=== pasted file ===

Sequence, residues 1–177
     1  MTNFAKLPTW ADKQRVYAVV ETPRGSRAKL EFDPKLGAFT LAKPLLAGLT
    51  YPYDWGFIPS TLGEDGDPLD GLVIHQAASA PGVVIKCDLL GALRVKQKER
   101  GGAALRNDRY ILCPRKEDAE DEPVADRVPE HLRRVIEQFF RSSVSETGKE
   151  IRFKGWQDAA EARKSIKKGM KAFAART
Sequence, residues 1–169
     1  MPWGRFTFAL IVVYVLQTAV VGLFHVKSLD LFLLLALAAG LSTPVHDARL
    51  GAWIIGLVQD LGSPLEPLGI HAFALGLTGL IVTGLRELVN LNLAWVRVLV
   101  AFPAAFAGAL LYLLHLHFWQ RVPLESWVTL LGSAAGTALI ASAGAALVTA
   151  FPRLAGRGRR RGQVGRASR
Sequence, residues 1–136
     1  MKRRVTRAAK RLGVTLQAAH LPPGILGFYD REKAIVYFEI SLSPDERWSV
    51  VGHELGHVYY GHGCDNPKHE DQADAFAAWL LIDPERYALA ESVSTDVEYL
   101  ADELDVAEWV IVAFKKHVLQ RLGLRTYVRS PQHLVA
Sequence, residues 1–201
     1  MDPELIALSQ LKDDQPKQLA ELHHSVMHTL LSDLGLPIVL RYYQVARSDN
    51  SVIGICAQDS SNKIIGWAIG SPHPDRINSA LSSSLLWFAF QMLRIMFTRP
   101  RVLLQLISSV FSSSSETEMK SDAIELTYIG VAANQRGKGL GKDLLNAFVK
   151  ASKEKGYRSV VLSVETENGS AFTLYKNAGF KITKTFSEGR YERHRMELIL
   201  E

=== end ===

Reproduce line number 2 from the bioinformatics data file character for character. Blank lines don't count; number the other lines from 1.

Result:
     1  MTNFAKLPTW ADKQRVYAVV ETPRGSRAKL EFDPKLGAFT LAKPLLAGLT